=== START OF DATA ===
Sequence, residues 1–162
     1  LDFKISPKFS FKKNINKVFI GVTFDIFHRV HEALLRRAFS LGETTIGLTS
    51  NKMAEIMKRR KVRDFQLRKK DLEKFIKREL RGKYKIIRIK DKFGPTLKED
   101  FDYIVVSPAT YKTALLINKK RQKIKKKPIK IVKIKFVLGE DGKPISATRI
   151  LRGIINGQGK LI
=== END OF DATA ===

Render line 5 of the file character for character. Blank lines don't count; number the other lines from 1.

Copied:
   151  LRGIINGQGK LI